Last January, the polar vortex brought extreme cold temperatures to much of the U.S., causing energy prices to spike as the natural gas system struggled and fossil-fuel power plants tripped offline.

In the aftermath, there was much hand-wringing about the growth of natural gas as a direct source of home heating, as well as its use for electricity generation. During a crisis, those two crucial needs can be at odds.

But now, new figures from the U.S. Energy Information Administration suggest that for the fastest-growing parts of the country, electricity is gaining share as the heating fuel choice. In the future, that electricity could increasingly come from renewable sources, such as wind or solar, that would not compete with natural gas. 

Electricity as a heating fuel has gained market share in every region of the U.S. except for the Northeast, according to the EIA. In the Northeast, electricity for heat is growing, but it is mostly natural gas replacing oil. In the Midwest, natural gas and propane have lost market share to electricity since 2005.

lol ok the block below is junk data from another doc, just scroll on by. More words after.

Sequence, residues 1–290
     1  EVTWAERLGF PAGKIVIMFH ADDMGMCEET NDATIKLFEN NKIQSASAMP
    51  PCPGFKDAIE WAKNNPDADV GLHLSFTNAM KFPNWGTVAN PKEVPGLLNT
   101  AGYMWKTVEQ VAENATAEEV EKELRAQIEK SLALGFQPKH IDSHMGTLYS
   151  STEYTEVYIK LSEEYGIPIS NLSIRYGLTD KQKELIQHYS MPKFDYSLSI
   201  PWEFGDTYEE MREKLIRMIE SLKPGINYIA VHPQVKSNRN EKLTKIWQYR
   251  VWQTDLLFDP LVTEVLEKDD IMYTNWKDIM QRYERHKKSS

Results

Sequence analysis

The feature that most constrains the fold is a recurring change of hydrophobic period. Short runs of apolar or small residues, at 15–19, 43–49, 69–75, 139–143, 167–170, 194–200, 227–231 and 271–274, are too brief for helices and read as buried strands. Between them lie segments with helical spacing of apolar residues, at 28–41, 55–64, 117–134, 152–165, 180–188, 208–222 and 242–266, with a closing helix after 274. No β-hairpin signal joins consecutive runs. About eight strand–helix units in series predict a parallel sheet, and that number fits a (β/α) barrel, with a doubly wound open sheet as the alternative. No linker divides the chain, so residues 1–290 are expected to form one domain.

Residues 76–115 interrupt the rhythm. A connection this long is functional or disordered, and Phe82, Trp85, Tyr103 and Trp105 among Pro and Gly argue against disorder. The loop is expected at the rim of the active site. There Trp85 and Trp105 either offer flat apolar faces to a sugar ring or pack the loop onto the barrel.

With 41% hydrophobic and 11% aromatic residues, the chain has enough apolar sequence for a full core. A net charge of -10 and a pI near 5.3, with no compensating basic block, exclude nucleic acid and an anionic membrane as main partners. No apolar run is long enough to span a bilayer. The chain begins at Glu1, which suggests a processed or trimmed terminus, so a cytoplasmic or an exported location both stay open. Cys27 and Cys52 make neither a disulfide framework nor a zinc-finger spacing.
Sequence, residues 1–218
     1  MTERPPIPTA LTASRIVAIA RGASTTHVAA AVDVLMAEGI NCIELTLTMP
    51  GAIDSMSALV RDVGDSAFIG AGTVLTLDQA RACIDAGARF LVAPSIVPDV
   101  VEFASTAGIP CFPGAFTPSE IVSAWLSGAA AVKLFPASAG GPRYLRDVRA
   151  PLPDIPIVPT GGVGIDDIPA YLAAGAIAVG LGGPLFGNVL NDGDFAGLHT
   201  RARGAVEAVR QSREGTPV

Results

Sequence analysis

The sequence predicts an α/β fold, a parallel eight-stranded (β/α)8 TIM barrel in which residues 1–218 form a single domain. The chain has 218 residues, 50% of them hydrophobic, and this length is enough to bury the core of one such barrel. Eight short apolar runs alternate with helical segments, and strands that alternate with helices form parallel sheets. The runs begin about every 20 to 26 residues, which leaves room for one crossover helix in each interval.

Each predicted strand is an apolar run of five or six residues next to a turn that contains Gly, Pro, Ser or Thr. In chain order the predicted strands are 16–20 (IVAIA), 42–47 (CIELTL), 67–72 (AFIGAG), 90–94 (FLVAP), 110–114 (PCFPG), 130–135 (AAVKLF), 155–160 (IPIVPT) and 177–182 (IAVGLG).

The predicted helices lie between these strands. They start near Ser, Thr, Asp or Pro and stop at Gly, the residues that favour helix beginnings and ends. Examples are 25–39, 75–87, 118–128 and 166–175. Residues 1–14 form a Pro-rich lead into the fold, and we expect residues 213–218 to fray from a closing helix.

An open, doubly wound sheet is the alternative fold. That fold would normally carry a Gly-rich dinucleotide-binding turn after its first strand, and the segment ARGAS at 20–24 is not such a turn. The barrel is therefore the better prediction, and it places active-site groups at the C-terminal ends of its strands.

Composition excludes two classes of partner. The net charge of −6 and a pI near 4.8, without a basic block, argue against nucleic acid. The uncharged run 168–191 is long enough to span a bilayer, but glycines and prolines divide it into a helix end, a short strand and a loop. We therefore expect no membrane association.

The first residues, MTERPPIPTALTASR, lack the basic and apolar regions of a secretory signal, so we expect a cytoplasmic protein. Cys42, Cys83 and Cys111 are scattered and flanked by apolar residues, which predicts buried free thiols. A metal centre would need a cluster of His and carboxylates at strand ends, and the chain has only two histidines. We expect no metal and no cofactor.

Of course, the fastest-growing regions also tend to be those with the warmest climates. Electricity fuels more than 60 percent of homes in the South, and the West tracks closely with the national average of about 35 percent of homes using electricity.

The use of air-source heat pumps has largely driven the push for electricity in heating, as they have become about twice as efficient as those available 30 years ago. They are best suited to climates that don’t experience sub-zero temperatures for long periods of time.

For most homes, the primary choice of heating fuel also influences the fuel for other large energy needs, such as water heating and clothes drying. For regions where electric water heaters dominate, there could be an added benefit as renewable energy comes to account for a greater percentage of electricity generation: energy storage and grid balancing.